b) And precisely because these dirty jobs will be priced efficiently, there will suddenly be a significant profit incentive for entrepreneurs to replace them. Lets say cleaning ladies go from making $20k a year to making $50k a year. This is a 2.5X increase in the size of the potential “cleaning robot” market. The whole point of a money system is to identify where people can contribute value to a society. Efficient pricing means a smarter economy.
Finally, I have run against two problems with a basic income that I would love to see be resolved:
1. What is the right amount for a basic income to be? It seems like there are two boundary conditions. On the one hand, an effective basic income needs to provide enough resource to remove people from fear. On the other hand, it cannot be so high that it fundamentally distort market functions.
2. How do we deal with national income inequality? A basic income of $3000 per year would be an incredibly empowering grant — even a windfall — throughout most of the developing world. But it would be nearly useless in the developed world. On the other hand, a basic income of $20,000 a year might be sustainable (efficient, effective) in the United States, but would clearly destroy the market signal on a global basis.
There is much to discuss about the details of a basic income, the new monetary system and how they work together and I greatly look forward to dialing in on these components. But now it comes time to address a question of “how?” How will we do this? It’s nice to talk about creating a new sensemaking architecture — and that seems plausible. It’s nice to imagine a new monetary system and to play with basic income, but, really, how could we possibly pull that off? Particularly in the face of entrenched interests who control our political and economic institutions?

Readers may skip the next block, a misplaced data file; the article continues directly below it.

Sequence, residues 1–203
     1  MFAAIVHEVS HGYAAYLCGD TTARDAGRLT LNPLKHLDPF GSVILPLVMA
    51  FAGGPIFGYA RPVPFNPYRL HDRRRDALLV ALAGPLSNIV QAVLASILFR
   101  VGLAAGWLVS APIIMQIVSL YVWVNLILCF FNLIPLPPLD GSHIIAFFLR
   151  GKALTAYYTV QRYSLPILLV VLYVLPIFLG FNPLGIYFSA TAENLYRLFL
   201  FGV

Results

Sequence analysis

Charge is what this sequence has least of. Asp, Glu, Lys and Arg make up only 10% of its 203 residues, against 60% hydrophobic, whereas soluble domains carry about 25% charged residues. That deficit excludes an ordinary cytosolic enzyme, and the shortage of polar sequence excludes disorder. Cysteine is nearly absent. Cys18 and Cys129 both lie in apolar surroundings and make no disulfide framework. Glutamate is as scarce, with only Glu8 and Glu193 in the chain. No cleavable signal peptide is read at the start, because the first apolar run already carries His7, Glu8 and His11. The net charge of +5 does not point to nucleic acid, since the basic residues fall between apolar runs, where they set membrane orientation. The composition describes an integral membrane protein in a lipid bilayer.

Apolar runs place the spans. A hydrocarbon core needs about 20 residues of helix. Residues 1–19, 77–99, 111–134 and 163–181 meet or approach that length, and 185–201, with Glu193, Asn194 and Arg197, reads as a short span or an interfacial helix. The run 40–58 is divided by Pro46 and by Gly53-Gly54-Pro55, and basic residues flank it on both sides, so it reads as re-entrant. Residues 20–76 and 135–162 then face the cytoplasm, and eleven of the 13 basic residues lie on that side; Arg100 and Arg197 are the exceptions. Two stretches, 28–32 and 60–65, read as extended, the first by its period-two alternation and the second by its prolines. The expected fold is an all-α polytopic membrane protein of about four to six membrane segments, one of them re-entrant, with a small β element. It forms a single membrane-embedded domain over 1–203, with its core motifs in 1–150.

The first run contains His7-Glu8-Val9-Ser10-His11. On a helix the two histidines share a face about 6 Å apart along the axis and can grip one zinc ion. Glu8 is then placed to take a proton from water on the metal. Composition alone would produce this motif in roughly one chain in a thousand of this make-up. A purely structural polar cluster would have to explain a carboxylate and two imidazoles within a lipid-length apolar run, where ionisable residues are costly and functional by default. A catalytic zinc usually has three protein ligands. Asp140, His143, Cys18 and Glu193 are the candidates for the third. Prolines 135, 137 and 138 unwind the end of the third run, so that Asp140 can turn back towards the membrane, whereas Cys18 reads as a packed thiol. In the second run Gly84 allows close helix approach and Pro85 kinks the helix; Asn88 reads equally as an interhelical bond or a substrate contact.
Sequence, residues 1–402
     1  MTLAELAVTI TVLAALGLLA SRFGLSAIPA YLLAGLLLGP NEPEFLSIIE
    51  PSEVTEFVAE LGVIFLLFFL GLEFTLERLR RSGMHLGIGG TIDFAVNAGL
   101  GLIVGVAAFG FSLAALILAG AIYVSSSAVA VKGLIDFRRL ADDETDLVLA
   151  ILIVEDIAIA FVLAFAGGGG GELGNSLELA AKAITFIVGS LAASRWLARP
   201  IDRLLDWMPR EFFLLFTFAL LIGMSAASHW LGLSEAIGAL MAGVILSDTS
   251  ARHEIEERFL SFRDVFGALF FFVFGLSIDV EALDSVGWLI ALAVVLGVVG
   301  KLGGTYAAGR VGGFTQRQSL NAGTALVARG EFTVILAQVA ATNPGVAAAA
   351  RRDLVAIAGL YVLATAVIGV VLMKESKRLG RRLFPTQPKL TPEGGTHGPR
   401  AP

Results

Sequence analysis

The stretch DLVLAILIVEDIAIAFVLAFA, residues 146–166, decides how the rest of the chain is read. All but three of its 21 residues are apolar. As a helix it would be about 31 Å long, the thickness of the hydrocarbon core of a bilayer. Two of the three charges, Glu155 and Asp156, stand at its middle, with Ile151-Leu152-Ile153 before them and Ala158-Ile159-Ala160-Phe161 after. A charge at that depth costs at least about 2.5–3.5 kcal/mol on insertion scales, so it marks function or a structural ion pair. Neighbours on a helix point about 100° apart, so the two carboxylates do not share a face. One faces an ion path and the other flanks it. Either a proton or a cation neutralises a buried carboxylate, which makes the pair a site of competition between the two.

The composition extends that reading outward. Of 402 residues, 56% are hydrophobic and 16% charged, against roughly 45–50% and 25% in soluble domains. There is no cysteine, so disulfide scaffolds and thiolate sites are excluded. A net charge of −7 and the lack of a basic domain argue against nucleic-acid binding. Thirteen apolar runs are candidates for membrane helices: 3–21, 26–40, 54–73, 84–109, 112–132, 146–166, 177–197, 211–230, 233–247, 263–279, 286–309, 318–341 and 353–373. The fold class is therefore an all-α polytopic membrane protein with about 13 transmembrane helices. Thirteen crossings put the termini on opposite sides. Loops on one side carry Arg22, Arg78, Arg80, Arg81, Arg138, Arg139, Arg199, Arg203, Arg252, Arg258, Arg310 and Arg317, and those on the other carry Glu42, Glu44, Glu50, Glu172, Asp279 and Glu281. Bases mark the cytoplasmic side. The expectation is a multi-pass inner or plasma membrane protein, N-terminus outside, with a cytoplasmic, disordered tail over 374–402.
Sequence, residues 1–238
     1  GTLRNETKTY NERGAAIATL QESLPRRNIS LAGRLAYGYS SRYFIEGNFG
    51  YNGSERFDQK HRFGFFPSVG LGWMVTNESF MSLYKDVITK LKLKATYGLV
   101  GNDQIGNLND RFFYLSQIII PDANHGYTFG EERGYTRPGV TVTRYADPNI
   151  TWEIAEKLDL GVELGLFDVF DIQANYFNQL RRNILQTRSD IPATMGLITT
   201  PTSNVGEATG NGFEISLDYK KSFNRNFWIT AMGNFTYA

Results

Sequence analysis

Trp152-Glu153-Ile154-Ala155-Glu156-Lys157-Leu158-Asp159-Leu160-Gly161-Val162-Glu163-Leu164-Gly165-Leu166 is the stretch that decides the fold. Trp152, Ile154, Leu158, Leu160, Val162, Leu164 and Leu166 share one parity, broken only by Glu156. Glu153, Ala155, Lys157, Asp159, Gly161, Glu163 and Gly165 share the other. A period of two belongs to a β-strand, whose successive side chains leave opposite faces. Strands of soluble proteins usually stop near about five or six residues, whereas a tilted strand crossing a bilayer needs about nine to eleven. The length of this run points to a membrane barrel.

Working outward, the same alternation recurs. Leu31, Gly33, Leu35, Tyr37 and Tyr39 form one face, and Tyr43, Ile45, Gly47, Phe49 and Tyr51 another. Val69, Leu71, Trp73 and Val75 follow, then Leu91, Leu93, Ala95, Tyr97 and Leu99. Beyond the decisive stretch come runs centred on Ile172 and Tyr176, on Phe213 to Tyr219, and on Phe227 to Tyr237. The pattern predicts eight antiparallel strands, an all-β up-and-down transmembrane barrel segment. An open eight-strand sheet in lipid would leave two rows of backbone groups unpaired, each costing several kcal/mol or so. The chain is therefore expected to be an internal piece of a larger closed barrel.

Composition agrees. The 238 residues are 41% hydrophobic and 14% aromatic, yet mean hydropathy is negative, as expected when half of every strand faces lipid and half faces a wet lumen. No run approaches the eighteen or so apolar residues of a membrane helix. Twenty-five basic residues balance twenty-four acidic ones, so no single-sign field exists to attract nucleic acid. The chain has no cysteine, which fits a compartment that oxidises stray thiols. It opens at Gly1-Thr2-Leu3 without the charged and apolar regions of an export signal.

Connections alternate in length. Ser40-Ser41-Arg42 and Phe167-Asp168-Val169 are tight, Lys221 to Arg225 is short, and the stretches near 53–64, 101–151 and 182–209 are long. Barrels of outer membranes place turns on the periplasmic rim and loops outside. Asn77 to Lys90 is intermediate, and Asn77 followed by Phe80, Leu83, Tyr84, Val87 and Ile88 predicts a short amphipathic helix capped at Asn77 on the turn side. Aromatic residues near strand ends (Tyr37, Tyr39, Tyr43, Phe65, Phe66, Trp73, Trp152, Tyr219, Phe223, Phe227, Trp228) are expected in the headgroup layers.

So now comes time to consider what I’m certain will be the most challenging and controversial, yet at the same time the most powerful and important component.
David Graeber has lucidly discussed the many times throughout history that recourse has been made to a fundamental reset of social obligations: a jubilee. He suggests that what the world needs now is a big dose of that ancient medicine. I agree. But I go both deeper and broader in my prescription.
First we have to be clear — this isn’t just a matter of social justice. We must recognize that the existing global financial/economic order is deeply unstable. The West is broke and there is every reason to expect a major financial crisis in the next decade that will be both deeper and more intense than 2007–2009. Its impossible to say just when the other shoe will drop, but there is a good chance (lets say >20%) that it might happen in any given year from now on. The point is this — for both bad reasons (greed, exploitation, bad management) and good reasons (the obselesence of scarcity and the move to abundance) the current financial system is not long for the world. The question we have to answer is not if, but how.